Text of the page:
MadSci Network: Engineering

Re: Difference between tensile strength property and stretch property?

Date: Tue Oct 11 08:38:06 2011
Posted By: Matthew Buynoski, Process Integration Engineer (retired)
Area of science: Engineering
ID: 1318260917.Eg

Hello, Ting...

   Both relate to the response of an object  to applied tensile (i.e. pulling it apart) force, but they are not 
the same.  

   Tensile strength usually means the applied force at which the material fails.

   Stretch is also a function of the material, and has to do with how much it elongates for a given force 

   Here's a practical example. Nylon can be made into various kinds of ropes.  Dynamic climbing ropes 
are made so that they stretch more, and have relatively lower breaking strength, than static rescue 
ropes.  In this case, both are made of the same material (nylon) but differ in methods of construction.

   "Stretch" consists of two kinds of process.  One is what is called elastic, in which the stretched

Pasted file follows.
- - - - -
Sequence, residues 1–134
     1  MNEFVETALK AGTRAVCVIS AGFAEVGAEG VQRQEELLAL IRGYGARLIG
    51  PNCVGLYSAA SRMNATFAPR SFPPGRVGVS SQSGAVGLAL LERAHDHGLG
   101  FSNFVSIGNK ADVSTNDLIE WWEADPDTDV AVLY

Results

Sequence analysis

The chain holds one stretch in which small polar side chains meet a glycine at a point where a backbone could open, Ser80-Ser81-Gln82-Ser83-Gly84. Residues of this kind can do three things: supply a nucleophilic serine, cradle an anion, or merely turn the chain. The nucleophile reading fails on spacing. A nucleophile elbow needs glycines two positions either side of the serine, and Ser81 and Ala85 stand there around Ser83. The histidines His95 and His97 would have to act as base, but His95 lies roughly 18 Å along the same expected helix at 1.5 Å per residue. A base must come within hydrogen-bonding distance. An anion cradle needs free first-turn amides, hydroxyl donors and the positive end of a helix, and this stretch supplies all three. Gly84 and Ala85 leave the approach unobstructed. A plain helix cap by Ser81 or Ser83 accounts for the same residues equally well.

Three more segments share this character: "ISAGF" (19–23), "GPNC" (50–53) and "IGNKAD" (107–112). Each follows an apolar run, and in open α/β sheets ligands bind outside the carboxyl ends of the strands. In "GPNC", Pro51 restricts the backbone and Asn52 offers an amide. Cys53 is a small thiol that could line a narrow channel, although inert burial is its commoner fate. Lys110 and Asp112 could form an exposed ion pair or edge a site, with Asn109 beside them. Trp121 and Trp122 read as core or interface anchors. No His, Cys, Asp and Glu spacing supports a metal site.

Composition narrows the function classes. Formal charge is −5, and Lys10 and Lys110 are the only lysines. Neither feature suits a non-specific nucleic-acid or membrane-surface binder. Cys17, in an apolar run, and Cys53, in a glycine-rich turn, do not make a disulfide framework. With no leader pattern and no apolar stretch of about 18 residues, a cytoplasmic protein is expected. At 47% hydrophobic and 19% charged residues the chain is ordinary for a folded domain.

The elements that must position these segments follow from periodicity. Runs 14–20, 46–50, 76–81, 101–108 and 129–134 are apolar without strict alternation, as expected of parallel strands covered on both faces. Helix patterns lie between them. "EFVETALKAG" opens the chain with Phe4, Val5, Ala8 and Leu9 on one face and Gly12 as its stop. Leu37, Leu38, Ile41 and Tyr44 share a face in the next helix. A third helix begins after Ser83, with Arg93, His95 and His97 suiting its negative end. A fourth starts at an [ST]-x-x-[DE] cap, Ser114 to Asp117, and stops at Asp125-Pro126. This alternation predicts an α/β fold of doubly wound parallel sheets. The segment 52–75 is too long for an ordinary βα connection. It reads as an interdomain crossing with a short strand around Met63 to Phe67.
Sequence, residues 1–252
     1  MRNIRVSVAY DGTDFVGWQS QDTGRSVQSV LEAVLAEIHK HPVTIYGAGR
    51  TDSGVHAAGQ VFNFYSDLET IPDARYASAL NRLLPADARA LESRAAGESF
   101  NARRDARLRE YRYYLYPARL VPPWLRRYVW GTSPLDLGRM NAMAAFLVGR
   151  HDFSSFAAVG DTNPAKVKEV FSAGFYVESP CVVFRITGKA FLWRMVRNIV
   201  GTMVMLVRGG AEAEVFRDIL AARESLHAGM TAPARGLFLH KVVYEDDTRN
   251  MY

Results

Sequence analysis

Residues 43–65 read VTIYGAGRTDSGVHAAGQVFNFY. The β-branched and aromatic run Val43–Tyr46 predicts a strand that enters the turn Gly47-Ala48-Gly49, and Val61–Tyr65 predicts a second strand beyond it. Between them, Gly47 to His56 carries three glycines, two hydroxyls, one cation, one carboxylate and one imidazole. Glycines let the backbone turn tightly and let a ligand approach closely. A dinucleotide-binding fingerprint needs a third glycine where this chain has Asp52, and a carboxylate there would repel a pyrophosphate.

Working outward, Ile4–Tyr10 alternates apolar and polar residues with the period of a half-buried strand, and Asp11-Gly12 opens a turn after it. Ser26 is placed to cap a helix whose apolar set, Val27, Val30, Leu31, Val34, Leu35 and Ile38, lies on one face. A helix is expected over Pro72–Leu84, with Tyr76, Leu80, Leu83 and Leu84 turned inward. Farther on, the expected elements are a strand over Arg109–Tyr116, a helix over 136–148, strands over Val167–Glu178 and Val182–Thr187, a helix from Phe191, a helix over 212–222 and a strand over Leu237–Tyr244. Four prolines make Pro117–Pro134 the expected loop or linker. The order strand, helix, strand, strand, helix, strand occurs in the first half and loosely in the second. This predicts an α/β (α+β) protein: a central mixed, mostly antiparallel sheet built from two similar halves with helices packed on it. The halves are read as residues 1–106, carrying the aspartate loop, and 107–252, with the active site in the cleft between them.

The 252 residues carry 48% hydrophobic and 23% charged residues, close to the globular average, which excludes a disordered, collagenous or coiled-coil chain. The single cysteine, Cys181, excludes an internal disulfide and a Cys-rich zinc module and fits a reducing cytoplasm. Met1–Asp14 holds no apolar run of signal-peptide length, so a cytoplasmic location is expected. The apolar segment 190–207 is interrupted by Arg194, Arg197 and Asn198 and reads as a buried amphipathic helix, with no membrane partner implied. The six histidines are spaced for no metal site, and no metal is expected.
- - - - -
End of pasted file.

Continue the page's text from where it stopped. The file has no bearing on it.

material recovers from the stretching and is essentially unchanged (a metal coil spring is an example) 
and the second is plastic deformation, which leads to permanent change in the material (does not fully 
recover).  Plastic deformation eventually leads to failure, and happens by such means as slipping along 
grain boundaries, dislocations traveling through the mateiral (both in metals), molecules sliding past 
each other (plastics and polymers), and propagation of cracks initiated from imperfections (ceramics).

Many introductory  textbooks on materials science go into this in far greater detail, and the subject is a 
fascinating one.    Videos of dislocation motion, for example, are all over the web.  Here's one by 
Cambridge University:

and you can enter the keywords "dislocation" "motion" and "video" into a search engine to find many 

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